Tonight is the first game of the 2012 NHL Stanley Cup Finals. The New Jersey Devils and the Los Angeles Kings will play for the greatest trophy in all of sports. (Photo by Bruce Bennett/Getty Images)
The Time: 8:00 PM EDT
The Broadcast: TV - NBC, CBC, RDS; Radio - 1130 AM WBBR
The Series Preview: I wrote a comprehensive preview of the Stanley Cup Finals, so please read it if you're looking for details on each team broken down from goaltenders to special teams.
The Tickets: The Devils sold all of theirs, so your option is to pay quite a lot for something from the secondary market. I recommend our Tickets section, where SBN Partners TiqIQ can help you find some. Why so much? Because it's the Cup™.
The Goal: The Devils must be willing to adjust and quickly. The Devils and Kings have played similar styles of hockey to get this far in the postseason and they both have quite a lot of talent. Since the Devils will have home ice tonight and on Saturday, they'll get the benefit of the last line change. That hasn't faded Darryl Sutter and his players as the Kings are 8-0 on the road. However, it can become an advantage if Peter DeBoer, his coaching staff, and the Devils players recognize what Los Angeles is doing and try and counter it during the game. I don't think the Devils are going to be very successful just coming straight at LA unless, well, they are. Unlike their last three opponents, the Kings will be well prepared - after all, they do a lot of the same things as New Jersey.
Therefore, the Devils must be ready with Plans B and C when Plan A inevitably falls apart. I'm not saying DeBoer has to mix up the lines like crazy or throw out tactics entirely. I'm just saying that I want to see the Devils account for the Kings' approach to this game, use that last line change to get certain lines out there in match-ups in response to what they've been doing, and make changes before the Kings surge and take the game over. Barring their initial gameplan working wonders, the Devils' willingness to be flexible can make or break them tonight, much less in this series.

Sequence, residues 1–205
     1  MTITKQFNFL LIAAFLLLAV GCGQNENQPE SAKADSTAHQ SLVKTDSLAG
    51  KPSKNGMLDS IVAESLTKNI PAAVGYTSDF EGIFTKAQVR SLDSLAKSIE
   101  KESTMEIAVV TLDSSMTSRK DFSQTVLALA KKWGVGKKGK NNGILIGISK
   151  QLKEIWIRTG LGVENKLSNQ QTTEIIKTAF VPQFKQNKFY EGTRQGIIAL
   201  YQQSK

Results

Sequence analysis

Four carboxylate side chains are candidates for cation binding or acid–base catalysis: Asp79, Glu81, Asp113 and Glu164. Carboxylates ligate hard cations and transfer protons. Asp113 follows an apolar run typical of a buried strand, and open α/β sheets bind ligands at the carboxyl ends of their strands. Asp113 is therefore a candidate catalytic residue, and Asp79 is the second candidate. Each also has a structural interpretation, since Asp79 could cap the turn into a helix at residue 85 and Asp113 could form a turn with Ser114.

For an opposition's take on tonight's game, please go to Jewels from the Crown. For a few more thoughts on tonight's game, please continue on after the jump.In addition to Tuesday's Media Day activities, both teams held practice today. According to this post by Tom Gulitti at Fire & Ice, it appears that Peter DeBoer will ice the same lineup from the end of Game 6 against New York. Here are those lines:
I can't say I think moving Patrik Elias down in place of Alexei Ponikarovsky is a good idea. Ponikarovsky hasn't done a whole lot and I think his style of game would mesh better opposite David Clarkson. As much as we all want Elias to break out of his slump, it's not likely to happen with Clarkson isn't shooting a lot and Jacob Josefson is still getting into form. More importantly, while Elias has been slumping on offense, he has been generating many more shots than either Clarkson or Ponikarovsky and has been able to push the play forward against tough competition. That third line isn't going to see tough competition, so that element of Elias' game is negated. While he's not good at faceoffs, his two-way game and vision with the puck is better suited at center than wing; though Elias has played so long at wing before, I don't think it'll be that huge of an issue. If there's an in-game change to be made, I think it would have to be with the veteran forward. I'd keep an eye out on where DeBoer moves Elias during the game.